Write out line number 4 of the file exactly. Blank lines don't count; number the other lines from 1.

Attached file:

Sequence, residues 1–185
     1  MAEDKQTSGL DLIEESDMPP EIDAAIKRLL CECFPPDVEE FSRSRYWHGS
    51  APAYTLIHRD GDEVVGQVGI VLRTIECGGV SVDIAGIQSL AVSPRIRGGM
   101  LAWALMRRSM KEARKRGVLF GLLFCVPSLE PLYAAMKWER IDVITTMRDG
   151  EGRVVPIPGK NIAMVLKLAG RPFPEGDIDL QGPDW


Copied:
   101  LAWALMRRSM KEARKRGVLF GLLFCVPSLE PLYAAMKWER IDVITTMRDG